For those with a Scottish background, there could be no better vacation than an extended trip to Scotland. Even if you’re not Scottish, you may want to consider Scotland as a vacation destination. It is an exciting country full of history and charm. The places to go and things to see are nearly limitless. One of the best ways to experience the ambiance of Scotland is to attend one of the many festivals that take place there on a regular basis. Here are several Scottish festivals to consider.
Photo licensed under the Creative Commons, created by Colin Smith
Scottish International Storytelling Festival
One of the largest gatherings of its kind, the Scottish International Storytelling Festival takes place in Edinburgh. For 10 days in late October, the Royal Mile in Edinburgh opens its Scottish Storytelling Centre to visitors and storytellers from throughout the world. This festival not only allows you to listen to some of the best stories about local Scottish history, but will let you experience the character of artful storytellers from around the world as they expound on nearly anything you can think of. Scotland has a long history of oral narrative as a form of communication, and the Scottish International Storytelling Festival embodies that historic process.
Loch Shiel Spring Festival
The first weekend in May of each year offers you the opportunity to experience some of the best classical music in the world at the Loch Shiel Spring Festival. Dedicated to sharing classical music on a local level and beyond, the spring festival attracts leading classical artists from all over Britain to the West Highlands for this festival. The area surrounding Loch Shiel offers spectacularly beautiful settings for listening to music, and the variety of concerts will astound you.
Dundee Flower and Food Festival
If you’re looking for something a little different while you’re in Scotland, you may want to reserve some time for the Dundee Flower and Food Festival. This delightful festival takes place in early September. It is a weekend packed with free cooking and gardening demonstrations as well as a craft fair. You also have the opportunity to experience food before you buy it at the festival. You will see stunning floral displays and learn gardening techniques that are sure to inspire you to try and duplicate them when you get back home.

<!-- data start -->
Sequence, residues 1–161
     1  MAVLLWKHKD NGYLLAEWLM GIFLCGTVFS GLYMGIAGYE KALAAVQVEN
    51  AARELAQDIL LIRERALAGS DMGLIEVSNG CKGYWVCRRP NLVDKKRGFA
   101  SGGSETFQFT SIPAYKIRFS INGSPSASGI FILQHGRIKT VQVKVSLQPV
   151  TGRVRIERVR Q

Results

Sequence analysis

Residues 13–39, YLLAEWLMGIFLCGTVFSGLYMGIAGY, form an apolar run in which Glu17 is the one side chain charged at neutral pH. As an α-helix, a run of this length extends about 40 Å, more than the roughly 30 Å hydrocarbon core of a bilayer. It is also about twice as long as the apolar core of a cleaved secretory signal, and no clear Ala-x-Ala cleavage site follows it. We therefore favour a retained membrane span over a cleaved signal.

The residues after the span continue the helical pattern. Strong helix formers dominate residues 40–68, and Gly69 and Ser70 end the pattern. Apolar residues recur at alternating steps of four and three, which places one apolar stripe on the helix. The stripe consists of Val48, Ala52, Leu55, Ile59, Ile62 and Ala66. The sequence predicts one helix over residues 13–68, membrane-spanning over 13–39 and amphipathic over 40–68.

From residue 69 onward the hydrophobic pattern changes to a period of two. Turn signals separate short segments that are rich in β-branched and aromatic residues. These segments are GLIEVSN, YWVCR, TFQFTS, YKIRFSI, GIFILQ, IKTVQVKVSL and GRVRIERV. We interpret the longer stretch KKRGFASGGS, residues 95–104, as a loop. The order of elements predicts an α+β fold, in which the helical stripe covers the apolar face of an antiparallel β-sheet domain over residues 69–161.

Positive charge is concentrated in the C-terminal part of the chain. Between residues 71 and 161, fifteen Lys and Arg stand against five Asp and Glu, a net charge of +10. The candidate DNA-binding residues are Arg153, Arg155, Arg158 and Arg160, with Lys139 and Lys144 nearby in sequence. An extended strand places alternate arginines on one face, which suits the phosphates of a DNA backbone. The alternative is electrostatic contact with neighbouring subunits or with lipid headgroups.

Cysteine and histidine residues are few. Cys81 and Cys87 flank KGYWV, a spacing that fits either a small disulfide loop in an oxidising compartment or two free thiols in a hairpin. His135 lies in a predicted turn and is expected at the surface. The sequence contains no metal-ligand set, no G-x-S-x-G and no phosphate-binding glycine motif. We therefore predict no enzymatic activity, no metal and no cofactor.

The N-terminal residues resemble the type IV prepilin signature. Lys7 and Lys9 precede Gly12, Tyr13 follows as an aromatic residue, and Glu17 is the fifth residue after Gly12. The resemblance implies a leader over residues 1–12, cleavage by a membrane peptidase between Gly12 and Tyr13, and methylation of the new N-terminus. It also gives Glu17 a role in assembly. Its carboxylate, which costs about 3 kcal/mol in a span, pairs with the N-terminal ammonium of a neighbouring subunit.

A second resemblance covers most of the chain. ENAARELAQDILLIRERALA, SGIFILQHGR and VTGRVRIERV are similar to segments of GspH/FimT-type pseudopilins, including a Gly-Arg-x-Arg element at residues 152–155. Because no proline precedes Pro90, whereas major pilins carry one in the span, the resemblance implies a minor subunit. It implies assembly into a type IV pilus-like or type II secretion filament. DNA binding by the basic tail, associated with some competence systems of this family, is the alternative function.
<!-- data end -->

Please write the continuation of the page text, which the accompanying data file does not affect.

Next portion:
Arran Folk Festival
The Arran Folk Festival takes place in mid-June on the Isle of Arran, off the coast of Scotland. This festival will allow you to listen to some of the best folk music in Scotland. There are free concerts throughout the event, which let you to experience the traditional music of the area. The festival was begun in 1990 and has grown to become one of the most anticipated events in the area.
Aberdeen International Youth Festival
This festival of music and performing arts attracts some of the finest artists and musicians from throughout the world. You can see blossoming newcomers perform with established professional musicians and actors in this extravagant showcase of talent. More than 70 countries have been involved in bringing the very best in live performances to the stage. With numerous events taking place each year, the Aberdeen International Youth Festival attracts more than 30,000 visitors.
Tarbert Seafood Festival
Early in July, the Tarbert Seafood Festival opens to throngs of visitors. There are arts and crafts, food stalls, and gardening exhibitions. You can take in a cooking demonstration from renowned seafood chefs, or watch the Seafood Queen crowned on the Tarbert Hotel Balcony. You can watch the Children’s Parade, or marvel at highland dancers of all ages. There is also a cook-off and a sheep-shearing demonstration. Of course, there will be live music throughout the event.
The Hebridean Celtic Festival
This festival takes place in mid-July in Stornoway in the Outer Hebrides. You can listen to a variety of musical performers from all over the world as you experience the Gaelic culture and Hebridean heritage. You can attend a workshop given by some of the performers or simply enjoy the typical festival attractions, such as trying local dishes while you listen to music at a pub or watching children’s events.
Guest post from Bailey Harris. Bailey writes about insurance quotes for InsuranceQuotes.org.